‘Under the Skin’ Review: The profound art of seduction

The allure of Jonathan Glazer’s Under the Skin is similar to that of its central character, the mysteriously stoic brunette, played with astounding clarity by Scarlett Johansson. In the movie, she’s seen driving around Glasgow to pick up lonely men for sinister purposes.

Her modus operandi sounds eerily familiar. She first observes her surroundings, checking out on individuals who fit the profile of her suitable prey – usually lonely, desperate men. She then closes in on her target, opening with whatever excuse to initiate a conversation, whether it be a request for directions or an offer for a ride. Once her prey’s inside her truck, she subtly throws compliments, hinting about the rare opportunity for a hook-up.

She would then take her catch to her apartment, which on the outside looks like any normal pad, but on the inside, is suspiciously pitch-black. She takes off her clothes one by one, prompting her man to do the same. Like a rabbit inching towards a juicy carrot, the man proceeds to walk towards what he presumes to be his prize before being submerged completely in some form of liquid, to suffer the consequences of his impromptu lustful desires.

Patience, patience

Under the Skin communicates the woman’s charming awkwardness and provocative quality. Glazer does not readily drape his film with the typical patterns of genre cinema. Instead, he patiently lays down elements of suspense one by one, without giving away too much too quickly. 

The film is bizarrely beautiful. From the unsettling views of either the countryside’s empty spaces or the city’s peopled nooks to the otherworldly interiors of the woman’s lair, Under the Skin, thanks largely to cinematographer Daniel Landi’s exquisite lensing,never lets go of its bewitching, enigmatic mood.

 

Mica Levi’s evocative score, which is essentially composed of counterpoints of strings and percussions that are neither melodic nor cacophonous, adds further tension to Glazer’s masterful machinations. 

There is always that sense that Glazer is intrigued by the scarce humanity of his eccentric muse. It is that same intrigue that dominated his previous features, Sexy Beast (2000), and Birth (2004), all of which feature characters who are defined by acts that raise questions as to their humanity.

However, the triumph of Under the Skin against Glazer’s previous efforts is that it was able to produce hints of humanity from someone or something that never had it in the first place.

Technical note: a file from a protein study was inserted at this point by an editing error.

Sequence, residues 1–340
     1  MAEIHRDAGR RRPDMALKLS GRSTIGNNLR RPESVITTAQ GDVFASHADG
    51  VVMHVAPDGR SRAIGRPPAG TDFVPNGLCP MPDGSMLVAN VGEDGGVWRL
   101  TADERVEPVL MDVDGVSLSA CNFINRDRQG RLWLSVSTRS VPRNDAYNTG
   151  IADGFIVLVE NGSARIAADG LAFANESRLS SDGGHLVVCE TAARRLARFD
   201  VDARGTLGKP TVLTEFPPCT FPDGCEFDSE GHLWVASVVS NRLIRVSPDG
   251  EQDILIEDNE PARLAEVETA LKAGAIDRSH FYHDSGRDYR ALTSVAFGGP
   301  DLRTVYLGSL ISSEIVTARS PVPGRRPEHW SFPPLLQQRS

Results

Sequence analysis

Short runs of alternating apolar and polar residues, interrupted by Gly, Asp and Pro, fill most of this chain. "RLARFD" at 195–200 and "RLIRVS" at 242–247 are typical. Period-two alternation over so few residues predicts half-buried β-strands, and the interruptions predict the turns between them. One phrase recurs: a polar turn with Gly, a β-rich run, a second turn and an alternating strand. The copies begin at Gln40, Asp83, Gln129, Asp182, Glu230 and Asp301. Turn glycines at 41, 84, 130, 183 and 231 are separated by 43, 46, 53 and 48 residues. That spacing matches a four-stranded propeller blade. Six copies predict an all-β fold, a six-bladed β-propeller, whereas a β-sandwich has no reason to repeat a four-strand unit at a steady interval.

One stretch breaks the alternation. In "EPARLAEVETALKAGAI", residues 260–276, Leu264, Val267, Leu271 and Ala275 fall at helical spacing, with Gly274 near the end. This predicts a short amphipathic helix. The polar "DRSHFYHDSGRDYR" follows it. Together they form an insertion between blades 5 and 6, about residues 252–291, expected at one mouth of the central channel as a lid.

The narrative of Under the Skin starts out with the woman as nothing, just a small speck of light growing into what will be Johansson’s eye, magnified to look more like a visual spectacle rather than a human part. The woman’s first act is to undress her first victim, another woman, to steal her clothes. She notices her victim’s tear, dripping from the lifeless eye, but is oblivious to the emotion. She, however, is fascinated by the ant she picks up from her victim’s naked body.

Curiosity

The woman commits further acts of violence. It is clear that she is without conscience, motivated only by a mission Glazer is completely not interested in developing or at least showcasing. However, despite the lack of any sense of morality, she nevertheless develops a curiosity as to what drives her victims to their demise. She starts to truthfully acknowledge beauty, whether it comes from the soft hands of the disfigured man she encounters in one of her cruises, or her naked body she sees for the very first time in front of the mirror.

Surrendering to the very tool she utilizes for her acts of seduction, she shows glimpses of the humanity she will never ever gain. This is her downfall, and the predator becomes the prey. Like all the men she has led to drown, she is seduced by something she can never have. 

Under the Skin is something close to a masterpiece. It carefully avoids all the pitfalls and eases of genre cinema to come up with something utterly unique. It is a film that unwaveringly starts with the absurd, only to end up with an observation that is as simple as it is profound. – Rappler.com

Oggs Cruz

Francis Joseph Cruz litigates for a living and writes about cinema for fun. The first Filipino movie he saw in the theaters was Carlo J. Caparas’ 'Tirad Pass.' Since then, he’s been on a mission to find better memories with Philippine cinema.